Rep. Peter Visclosky (D-Ind.) emptied his campaign coffers of $100,000 to pay legal fees in the third quarter of 2009, making him the only Member closely tied to the now-defunct lobbying firm PMA Group to report significant legal fees this cycle.
The Indiana lawmaker announced in May that his offices and aides had been subpoenaed by federal investigators examining the lawmakers relationship with PMA. FBI agents raided PMAs office in November 2008, reportedly as part of an investigation of improper campaign contributions.
In addition, the House ethics committee announced its own investigation of certain, specific allegations related to PMA in mid-June, although it has not named any lawmakers in connection to the probe or even which House rules it is examining.
Visclosky has received consent from the Federal Election Commission to pay legal fees related to the subpoenas from his campaign funds, including attorneys fees for current and former staffers.
Visclosky reported two payments of $50,000 each to the law firm Steptoe & Johnson since July, according to his most recent FEC report.
In the first half of the year Visclosky had reported about $1,900 in payments to Perkins Coie, a firm often employed by Congressional Democrats seeking assistance with campaign finance compliance.
Other lawmakers with connections to PMA, including Appropriations Subcommittee on Defense Chairman John Murtha (D-Pa.) and panel member Jim Moran (D-Va.) reported little or no payment for legal services in the current cycle.
According to the Center for Responsive Politics, Murtha, Moran and Visclosky, also a Defense appropriator, received about $4.8 million in campaign contributions over the past decade from PMA and its clients. The lawmakers helped those clients secure tens of millions of dollars in targeted projects during that period.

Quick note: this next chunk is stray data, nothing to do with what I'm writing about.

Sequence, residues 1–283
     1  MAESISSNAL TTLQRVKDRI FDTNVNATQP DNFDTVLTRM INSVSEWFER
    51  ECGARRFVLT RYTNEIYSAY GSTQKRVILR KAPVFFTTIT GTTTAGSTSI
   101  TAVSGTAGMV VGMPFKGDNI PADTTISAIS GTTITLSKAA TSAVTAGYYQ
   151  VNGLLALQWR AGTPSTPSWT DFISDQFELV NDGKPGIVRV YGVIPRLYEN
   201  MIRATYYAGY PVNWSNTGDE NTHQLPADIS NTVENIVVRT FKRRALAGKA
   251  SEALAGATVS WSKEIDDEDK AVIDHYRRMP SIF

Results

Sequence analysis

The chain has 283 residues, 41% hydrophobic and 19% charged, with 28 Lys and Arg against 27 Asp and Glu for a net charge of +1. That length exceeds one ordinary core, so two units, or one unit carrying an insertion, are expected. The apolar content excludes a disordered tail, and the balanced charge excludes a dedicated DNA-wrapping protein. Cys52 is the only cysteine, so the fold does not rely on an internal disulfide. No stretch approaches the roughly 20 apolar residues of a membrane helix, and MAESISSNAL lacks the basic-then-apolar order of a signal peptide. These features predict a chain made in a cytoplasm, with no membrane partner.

Murthas re-election campaign has reported payments in 2009 totaling $2,800 to Perkins Coie for operating expenses/legal fees, as well as about $800 to the firm from his Majority political action committee.
Morans campaign lists payments to the McLean, Va.-based Waverly Group totaling about $5,000 this year for both operating expenses/legal fees as well as another operating expenses/FEC compliance & related services.
Rep. Norm Dicks (Wash.), the third-ranking Democrat on the Appropriations panel, reported no payments for legal fees, but lists about $8,000 for compliance and accounting services.
Terri Henderson, 6, center, whose mother is El Salvador, attends a rally with members of Congress at Union Station's Columbus Circle to announce the Restore Opportunity, Strengthen, and Improve the Economy (ROSIE) Act on July 29, 2014. The legislation provides incentives for government contractors to pay a living wage and other benefits that would help low-income workers.